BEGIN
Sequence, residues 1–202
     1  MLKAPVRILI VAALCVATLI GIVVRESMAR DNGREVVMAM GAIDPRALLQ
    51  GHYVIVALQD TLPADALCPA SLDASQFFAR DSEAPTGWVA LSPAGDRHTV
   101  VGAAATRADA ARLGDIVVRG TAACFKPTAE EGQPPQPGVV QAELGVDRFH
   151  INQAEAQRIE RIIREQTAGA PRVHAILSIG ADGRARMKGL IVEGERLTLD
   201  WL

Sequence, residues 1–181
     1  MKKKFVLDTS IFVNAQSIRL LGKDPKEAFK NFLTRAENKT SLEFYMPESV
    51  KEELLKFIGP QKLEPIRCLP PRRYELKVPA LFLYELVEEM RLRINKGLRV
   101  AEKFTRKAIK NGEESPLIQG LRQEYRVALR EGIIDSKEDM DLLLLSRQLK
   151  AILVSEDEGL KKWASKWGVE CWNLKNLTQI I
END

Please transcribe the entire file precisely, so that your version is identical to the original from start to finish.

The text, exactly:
Sequence, residues 1–202
     1  MLKAPVRILI VAALCVATLI GIVVRESMAR DNGREVVMAM GAIDPRALLQ
    51  GHYVIVALQD TLPADALCPA SLDASQFFAR DSEAPTGWVA LSPAGDRHTV
   101  VGAAATRADA ARLGDIVVRG TAACFKPTAE EGQPPQPGVV QAELGVDRFH
   151  INQAEAQRIE RIIREQTAGA PRVHAILSIG ADGRARMKGL IVEGERLTLD
   201  WL

Sequence, residues 1–181
     1  MKKKFVLDTS IFVNAQSIRL LGKDPKEAFK NFLTRAENKT SLEFYMPESV
    51  KEELLKFIGP QKLEPIRCLP PRRYELKVPA LFLYELVEEM RLRINKGLRV
   101  AEKFTRKAIK NGEESPLIQG LRQEYRVALR EGIIDSKEDM DLLLLSRQLK
   151  AILVSEDEGL KKWASKWGVE CWNLKNLTQI I